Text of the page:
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Monitoring of Service Delivery

Planact and eMalahleni Informal Settlement Cluster react to eMalahleni Local Municipality water debt

Jun 12, 2020 | Blog, Weekly Covid19 Updates

Planact, together with eMalahleni Informal Settlement Cluster (also known as MASCOM), are concerned to learn that the Emalahleni Local Municipality is heavily indebted on its water bill. The article was published in the local newspaper, Witbank News, on 05th June 2020 titled “Emalahleni Municipality drowning in water debt”

The main concern is that this challenge may defeat the cluster’s current efforts to advocate for improved water and sanitation access in informal settlements in the municipality. The provision of water is currently not at a satisfactory level, while the municipality does not provide sanitation services at all for informal settlement communities (Masakhane; Spring Valley; El Paso; Jooma Farm; Five Shaft; Magagula; Benicon; KwaMgewana)

This dire problem comes at a time where the world at large is faced with a global novel Coronavirus (Covid-19). Informal settlement communities require access to basic sanitation and water now more than ever. Since informal settlements use shared sanitation facilities, cleaning of those facilities should be prioritsed  so as to curb the spread of Covid-19. These communities are at a higher risk of contracting and spreading the virus within their communities.

The Department of Health with the guidelines from the World Health organization, has put measures in place to help citizens to protect themselves against Covid-19. One of those measures is to wash hands for 20 seconds with water. This cannot be fully exercised without access to adequate water. This leaves informal settlement residents fully exposed to Covid-19 since others do not afford to buy hand sanitizers.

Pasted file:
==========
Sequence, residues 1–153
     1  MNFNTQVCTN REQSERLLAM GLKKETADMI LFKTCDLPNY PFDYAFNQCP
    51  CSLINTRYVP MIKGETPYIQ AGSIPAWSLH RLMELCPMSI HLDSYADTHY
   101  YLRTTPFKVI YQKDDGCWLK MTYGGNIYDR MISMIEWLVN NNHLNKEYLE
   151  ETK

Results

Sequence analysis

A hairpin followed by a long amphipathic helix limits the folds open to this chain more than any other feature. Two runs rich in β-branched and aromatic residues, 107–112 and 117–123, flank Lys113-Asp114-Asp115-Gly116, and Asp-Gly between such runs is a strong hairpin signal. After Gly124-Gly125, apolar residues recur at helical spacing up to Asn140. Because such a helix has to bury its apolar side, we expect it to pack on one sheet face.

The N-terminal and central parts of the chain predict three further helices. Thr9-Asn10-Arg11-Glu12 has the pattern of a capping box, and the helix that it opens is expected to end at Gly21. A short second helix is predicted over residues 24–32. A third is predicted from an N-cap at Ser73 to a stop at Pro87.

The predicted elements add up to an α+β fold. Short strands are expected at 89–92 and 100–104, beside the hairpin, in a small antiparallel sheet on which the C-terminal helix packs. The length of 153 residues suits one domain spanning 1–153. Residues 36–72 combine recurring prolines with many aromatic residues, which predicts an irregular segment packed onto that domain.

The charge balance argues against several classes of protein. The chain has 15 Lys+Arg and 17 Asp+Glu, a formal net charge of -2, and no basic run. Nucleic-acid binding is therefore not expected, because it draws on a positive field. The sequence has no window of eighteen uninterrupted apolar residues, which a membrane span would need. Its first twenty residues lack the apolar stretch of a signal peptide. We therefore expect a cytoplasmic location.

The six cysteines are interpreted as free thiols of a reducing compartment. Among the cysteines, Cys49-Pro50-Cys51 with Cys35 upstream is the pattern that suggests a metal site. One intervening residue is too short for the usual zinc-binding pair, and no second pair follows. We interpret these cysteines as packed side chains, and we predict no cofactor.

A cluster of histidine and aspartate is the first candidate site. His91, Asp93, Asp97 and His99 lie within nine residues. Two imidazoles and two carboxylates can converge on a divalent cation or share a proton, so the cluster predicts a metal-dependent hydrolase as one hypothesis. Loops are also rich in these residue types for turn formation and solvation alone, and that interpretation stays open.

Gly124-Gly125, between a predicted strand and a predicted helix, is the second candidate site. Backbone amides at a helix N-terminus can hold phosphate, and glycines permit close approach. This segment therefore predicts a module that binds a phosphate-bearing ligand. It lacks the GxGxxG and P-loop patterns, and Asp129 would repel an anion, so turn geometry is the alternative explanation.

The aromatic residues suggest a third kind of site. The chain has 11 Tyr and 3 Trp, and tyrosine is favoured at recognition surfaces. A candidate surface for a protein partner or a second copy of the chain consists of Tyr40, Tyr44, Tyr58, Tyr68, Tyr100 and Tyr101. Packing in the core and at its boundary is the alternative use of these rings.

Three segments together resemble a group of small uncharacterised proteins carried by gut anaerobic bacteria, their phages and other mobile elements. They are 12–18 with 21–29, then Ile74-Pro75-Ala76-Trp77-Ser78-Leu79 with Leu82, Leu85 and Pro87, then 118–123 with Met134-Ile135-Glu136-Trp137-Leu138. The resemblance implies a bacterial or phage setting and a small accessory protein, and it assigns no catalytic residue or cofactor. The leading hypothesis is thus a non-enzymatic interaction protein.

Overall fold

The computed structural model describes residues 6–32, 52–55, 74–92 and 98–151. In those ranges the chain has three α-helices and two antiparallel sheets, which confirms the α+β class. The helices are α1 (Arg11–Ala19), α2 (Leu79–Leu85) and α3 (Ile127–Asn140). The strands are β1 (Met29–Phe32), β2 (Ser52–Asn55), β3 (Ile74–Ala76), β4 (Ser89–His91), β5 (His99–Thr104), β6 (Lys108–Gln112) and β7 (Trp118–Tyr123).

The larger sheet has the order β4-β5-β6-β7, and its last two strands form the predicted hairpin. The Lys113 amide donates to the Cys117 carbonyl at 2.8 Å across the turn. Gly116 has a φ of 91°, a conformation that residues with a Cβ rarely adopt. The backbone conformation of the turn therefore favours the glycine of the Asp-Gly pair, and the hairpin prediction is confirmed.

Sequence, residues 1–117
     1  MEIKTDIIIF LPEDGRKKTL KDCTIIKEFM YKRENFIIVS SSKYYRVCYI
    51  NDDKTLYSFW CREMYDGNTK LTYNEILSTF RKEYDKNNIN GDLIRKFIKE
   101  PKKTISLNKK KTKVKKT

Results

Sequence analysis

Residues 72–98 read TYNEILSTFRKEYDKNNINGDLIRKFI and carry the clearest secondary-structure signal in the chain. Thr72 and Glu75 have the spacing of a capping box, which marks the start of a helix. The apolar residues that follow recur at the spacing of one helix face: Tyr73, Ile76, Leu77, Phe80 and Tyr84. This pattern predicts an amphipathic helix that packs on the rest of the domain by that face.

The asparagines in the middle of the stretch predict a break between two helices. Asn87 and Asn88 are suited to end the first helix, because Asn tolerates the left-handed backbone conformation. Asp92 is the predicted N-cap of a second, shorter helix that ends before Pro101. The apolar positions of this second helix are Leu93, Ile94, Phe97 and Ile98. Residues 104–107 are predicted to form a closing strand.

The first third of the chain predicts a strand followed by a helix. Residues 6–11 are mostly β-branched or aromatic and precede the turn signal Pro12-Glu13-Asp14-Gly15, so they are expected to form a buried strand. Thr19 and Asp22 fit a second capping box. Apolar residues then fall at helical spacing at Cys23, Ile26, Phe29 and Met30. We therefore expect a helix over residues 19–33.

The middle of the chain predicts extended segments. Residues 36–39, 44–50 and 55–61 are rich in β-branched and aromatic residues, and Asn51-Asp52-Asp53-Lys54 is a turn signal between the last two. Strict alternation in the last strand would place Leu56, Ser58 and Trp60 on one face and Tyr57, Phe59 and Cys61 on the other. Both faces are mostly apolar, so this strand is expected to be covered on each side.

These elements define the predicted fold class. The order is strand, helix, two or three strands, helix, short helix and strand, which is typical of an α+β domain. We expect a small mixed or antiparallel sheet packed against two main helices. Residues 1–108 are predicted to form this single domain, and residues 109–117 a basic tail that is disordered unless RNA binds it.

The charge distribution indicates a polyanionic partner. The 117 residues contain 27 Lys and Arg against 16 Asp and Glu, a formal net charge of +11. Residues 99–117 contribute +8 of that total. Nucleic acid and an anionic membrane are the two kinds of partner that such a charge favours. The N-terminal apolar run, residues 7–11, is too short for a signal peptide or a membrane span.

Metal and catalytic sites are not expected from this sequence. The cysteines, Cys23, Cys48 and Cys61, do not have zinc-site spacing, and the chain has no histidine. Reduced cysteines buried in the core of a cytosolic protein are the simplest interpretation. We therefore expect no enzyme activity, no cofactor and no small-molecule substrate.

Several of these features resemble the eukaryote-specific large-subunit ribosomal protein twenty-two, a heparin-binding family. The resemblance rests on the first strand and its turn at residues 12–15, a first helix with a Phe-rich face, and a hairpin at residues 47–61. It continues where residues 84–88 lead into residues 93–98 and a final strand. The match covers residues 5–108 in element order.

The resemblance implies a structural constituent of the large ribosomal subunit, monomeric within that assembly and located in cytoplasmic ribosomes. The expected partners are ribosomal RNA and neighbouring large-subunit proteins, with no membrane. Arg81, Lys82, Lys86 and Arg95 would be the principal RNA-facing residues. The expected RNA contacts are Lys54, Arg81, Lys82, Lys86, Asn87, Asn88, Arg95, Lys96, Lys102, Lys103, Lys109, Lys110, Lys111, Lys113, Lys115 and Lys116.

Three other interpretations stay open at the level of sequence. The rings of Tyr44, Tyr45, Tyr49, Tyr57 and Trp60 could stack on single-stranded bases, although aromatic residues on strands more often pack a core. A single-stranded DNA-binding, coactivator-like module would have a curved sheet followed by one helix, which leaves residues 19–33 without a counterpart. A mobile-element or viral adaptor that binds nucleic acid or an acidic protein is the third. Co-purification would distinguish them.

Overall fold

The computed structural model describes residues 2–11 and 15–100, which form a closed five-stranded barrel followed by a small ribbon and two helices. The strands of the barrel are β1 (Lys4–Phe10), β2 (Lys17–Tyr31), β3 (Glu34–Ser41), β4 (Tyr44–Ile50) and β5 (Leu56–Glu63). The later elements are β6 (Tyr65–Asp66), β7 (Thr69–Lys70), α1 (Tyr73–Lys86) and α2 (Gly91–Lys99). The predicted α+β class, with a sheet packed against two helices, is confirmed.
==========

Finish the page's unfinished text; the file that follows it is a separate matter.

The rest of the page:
In light of the recent developments in Emalahleni Local Municipality, informal settlement communities in this municipality joined an initiative called Asivikelane: Voices of informal settlement residents during the Covid-19 crisis. It is a joint initiative of 181 informal settlements across the country which runs under the hashtag #Asivikelane on social media.

The latest report from Asivikelane shows that fewer than half of the Emalahleni residents in informal settements said that they had access to safe water whenever they needed it. None of the residents in Spring Valley or Somgodla had access, while most in Jooma Farm and Masakhane also did not have access.Furthermore, of the 30 residents, all except six residents said that they had constructed their own toilets. Of the exceptions, three had toilets provided by the municipality and three had not have any toilet. The report further state that none of the residents had their toilets cleaned by the municipality.

In order for these informal settlement community to continue playing their role in curbing the spread of Covid-19, it is of paramount that the municipality also contribute with needed facilities such as water, sanitation and waste removal so as to better equip informal settlement communities to fight the pandemic and other related water and sanitation diseases.

Full Asivikelane pdf report

Full Asivikelane datasheet

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